x Abu Dhabi, UAEFriday 28 July 2017

The focus is on Syria, but the key is really Iran

After years of diplomatic drought, the Middle East and in particular Syria have recently been swamped by a deluge of activity, most noticeably the comings and goings of American emissaries.

The Syrian foreign minister Walid Moallem, right, meets the US acting assistant secretary of state Jeffrey Feltman in Damascus.
The Syrian foreign minister Walid Moallem, right, meets the US acting assistant secretary of state Jeffrey Feltman in Damascus.

DAMASCUS // After years of diplomatic drought, the Middle East and in particular Syria have recently been swamped by a deluge of activity, most noticeably the comings and goings of American emissaries. Once a rare sight in Damascus, hardly a week seems to pass of late without a US delegation of some kind turning up in the Syrian capital. On Saturday it was the turn of Jeffrey Feltman, the assistant secretary of state, and Dan Shapiro of the National Security Council, in town for talks with Syria's foreign minister, Walid Moallem. While the meetings have been taking place in Syria, the Americans have had more than half an eye on Iran. Its influence in the region and pursuit of nuclear technology are a - perhaps the - central foreign policy concern for the White House. Syria and Iran are key allies. Both are staunch opponents of Israel and support Hizbollah, the Lebanese political-military movement, as well as the Palestinian resistance groups Hamas and Islamic Jihad. Washington considers them to be terrorist organisations and a threat to its regional allies. Hillary Clinton, the US secretary of state, has described the recent diplomatic offensive as "testing the waters" and while no clear policy has yet emerged, one of Washington's clear targets seems to be Syria's close ties with Iran. Weakening the alliance, the logic goes, will help undermine Tehran and among other things make it more willing to negotiate on nuclear issues. Despite the rounds of talks, Damascus remains adamant it will not sacrifice its relationship with Iran in exchange for a more cordial atmosphere with the US. "Syria believes it can have good ties with Iran and America, that it does not have to choose between one or the other," said Marwan Kabalan, of the Centre for Strategic Studies at the University of Damascus. "That is the official position here and I can't see it changing significantly. "There might be certain amendments to the relationship but I am sure Syria will not abandon the Iranians altogether. I don't see what the Americans are providing as an alternative. "Why would the Syrians break a strong historical relationship now?" John Kerry, chairman of the Senate Foreign Relations Committee, met with Bashar Assad, the Syrian president, last month and reportedly told him the time was coming for Syria to choose between Washington and Tehran. He has since advocated an easing of US sanctions on Damascus as part of a strategy to reduce Iranian regional influence.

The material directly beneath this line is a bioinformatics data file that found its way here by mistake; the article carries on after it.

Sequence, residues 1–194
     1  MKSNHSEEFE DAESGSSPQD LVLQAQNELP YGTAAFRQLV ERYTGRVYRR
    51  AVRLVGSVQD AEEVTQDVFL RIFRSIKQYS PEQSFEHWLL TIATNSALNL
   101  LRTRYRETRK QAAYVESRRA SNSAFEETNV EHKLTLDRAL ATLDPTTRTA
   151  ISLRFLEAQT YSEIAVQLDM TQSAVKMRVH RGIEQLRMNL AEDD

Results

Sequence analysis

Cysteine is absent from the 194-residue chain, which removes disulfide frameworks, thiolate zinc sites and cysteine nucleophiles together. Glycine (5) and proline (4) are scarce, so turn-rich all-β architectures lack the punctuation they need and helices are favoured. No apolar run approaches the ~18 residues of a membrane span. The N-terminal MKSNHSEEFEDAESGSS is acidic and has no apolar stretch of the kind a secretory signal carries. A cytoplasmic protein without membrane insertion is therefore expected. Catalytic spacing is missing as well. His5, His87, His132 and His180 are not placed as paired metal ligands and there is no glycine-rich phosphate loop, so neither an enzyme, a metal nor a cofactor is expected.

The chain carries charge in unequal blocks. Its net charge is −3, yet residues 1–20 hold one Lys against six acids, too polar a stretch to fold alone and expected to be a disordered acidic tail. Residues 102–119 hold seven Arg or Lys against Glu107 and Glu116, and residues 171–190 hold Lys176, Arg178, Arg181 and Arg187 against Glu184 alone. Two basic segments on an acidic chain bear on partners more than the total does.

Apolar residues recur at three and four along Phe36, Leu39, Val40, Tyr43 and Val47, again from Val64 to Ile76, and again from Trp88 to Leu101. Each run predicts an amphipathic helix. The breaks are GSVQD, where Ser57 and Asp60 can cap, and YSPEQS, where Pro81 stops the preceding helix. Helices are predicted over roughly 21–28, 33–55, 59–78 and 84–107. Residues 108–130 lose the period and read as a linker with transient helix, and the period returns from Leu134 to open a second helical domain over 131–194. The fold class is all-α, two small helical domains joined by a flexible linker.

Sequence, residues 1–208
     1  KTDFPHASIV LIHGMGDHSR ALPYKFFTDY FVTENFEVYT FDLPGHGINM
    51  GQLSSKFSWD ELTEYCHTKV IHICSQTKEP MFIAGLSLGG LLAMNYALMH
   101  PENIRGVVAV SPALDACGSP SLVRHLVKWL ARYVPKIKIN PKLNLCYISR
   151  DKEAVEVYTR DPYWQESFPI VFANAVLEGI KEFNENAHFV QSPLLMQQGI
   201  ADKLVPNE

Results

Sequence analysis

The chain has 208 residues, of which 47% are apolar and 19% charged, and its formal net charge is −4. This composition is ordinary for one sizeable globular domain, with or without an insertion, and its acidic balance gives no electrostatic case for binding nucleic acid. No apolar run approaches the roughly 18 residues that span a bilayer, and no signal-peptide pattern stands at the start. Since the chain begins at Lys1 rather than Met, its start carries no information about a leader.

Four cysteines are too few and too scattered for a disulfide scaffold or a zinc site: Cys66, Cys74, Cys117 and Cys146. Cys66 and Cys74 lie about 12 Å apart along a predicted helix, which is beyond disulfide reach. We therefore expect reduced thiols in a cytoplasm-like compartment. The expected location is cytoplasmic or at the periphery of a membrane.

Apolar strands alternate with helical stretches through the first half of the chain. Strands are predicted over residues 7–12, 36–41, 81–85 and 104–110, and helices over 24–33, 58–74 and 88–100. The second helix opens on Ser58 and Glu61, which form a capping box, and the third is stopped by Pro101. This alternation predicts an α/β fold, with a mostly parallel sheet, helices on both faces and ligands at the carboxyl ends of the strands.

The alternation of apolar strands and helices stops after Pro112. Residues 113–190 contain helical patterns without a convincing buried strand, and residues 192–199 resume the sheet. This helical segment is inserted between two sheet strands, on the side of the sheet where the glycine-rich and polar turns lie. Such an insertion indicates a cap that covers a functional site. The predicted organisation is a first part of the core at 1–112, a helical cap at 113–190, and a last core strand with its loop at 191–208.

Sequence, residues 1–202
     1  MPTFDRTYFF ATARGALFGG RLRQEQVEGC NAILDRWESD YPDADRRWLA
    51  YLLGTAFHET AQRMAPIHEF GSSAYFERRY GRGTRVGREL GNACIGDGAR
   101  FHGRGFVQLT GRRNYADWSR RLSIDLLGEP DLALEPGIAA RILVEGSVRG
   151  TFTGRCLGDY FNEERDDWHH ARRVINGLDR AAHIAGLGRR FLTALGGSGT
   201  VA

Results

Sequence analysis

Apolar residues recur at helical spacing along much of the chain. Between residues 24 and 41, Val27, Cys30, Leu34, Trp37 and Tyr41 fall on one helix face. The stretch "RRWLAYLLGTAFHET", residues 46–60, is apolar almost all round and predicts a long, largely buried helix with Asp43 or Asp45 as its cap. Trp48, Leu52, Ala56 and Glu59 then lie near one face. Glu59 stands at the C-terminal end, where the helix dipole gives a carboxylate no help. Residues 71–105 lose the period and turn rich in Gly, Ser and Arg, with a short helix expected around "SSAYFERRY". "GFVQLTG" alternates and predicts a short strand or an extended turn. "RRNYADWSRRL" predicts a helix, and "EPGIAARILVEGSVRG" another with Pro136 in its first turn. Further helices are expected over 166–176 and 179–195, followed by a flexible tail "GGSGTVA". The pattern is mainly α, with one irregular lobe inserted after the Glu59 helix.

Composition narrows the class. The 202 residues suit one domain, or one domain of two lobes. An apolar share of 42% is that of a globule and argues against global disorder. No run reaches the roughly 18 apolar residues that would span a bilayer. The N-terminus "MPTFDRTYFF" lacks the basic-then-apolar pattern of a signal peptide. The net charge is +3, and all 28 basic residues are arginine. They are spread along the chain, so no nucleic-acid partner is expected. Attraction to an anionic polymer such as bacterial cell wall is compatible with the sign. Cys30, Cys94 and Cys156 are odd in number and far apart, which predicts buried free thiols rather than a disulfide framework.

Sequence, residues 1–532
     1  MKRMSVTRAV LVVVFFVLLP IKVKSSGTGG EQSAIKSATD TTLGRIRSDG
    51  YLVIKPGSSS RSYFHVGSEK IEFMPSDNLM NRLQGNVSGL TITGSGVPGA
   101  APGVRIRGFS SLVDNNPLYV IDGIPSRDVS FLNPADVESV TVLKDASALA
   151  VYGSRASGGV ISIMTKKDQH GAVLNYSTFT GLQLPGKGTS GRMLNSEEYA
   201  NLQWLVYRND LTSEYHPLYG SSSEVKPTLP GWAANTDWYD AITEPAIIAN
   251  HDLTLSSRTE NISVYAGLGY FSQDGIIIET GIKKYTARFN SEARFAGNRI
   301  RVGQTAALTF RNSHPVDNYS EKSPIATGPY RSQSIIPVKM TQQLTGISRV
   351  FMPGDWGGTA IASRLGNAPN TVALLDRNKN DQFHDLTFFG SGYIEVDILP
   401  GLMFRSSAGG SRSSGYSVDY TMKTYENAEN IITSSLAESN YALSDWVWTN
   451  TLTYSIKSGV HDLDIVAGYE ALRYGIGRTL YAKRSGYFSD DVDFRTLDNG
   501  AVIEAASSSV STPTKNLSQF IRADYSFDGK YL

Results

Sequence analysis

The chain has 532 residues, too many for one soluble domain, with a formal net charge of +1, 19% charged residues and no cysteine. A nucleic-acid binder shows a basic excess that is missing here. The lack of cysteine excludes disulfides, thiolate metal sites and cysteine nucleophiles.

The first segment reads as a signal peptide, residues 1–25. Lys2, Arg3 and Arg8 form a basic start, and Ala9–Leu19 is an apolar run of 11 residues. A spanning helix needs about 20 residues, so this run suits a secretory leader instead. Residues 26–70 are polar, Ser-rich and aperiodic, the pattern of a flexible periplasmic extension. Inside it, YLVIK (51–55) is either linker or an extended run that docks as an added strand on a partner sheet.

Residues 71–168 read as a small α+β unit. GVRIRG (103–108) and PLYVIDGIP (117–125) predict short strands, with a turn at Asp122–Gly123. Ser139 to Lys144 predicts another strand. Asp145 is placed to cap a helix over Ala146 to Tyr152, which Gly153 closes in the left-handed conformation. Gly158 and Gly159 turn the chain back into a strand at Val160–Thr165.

Syria's ability to avoid making a stark choice will depend on US willingness to compromise with Iran, said Joshua Landis, a Syria specialist and director at the Centre for Middle East Studies at the University of Oklahoma. "Traditionally, the US has sought to weaken both Iran and Syria, to lock them out of regional security discussions and deny their importance," he said. "If the US learns to offer them security - that is, stop threatening to overturn their regimes - and to compromise with them, then there is hope for an accommodation of interests in the region that could dramatically reduce tensions and radicalism. Of course Iran and Syria would have to meet the US half way and change some of their behaviour as well." If the Americans really wanted to undercut Iranian power in the Middle East, they needed to vigorously and even-handedly push the Israeli-Palestinian peace process forwards, said Mr Kabalan. "The answer is the peace process, and not just a deal between Syria and Israel over the Golan," he said. "If you want to undercut Iran, you don't need to ask Syria to move away from Iran, you just need a fair peace. Peace will automatically mean that Hamas and Hizbollah are playing a more political role." Israel captured the Golan Heights from Syria in the 1967 war and has illegally occupied most of the area since. The two countries remain in a state of conflict over the territories. Benjamin Netanyahu, prime minister designate of Israel, has made his disinterest in returning the Golan clear, although some within the Israeli establishment have advocated a peace deal with Syria as a way of weakening Iran, a country they see as the much more serious threat. Syria is also sceptical about US desires to really push for peace after years of failed initiatives and an evident unwillingness or inability to make Israel compromise on such matters as settlement expansion in occupied areas. Inaction over Israel's military offensive in Gaza and election campaign comments that Jerusalem should be the undivided capital of Israel have not boosted confidence that Barack Obama, the US president, is really the man to bring about positive change in the Middle East. "The peace process is the key to most of the region's problems, there is no way to bypass that fact," Mr Kabalan said. "The problem is that the Americans have never been serious about peace, they have always been pleased with conflict management rather than conflict resolution. "The Arab-Israeli conflict has been going on for the last 60 years and they seem satisfied to let it carry on for another 60 years." psands@thenational.ae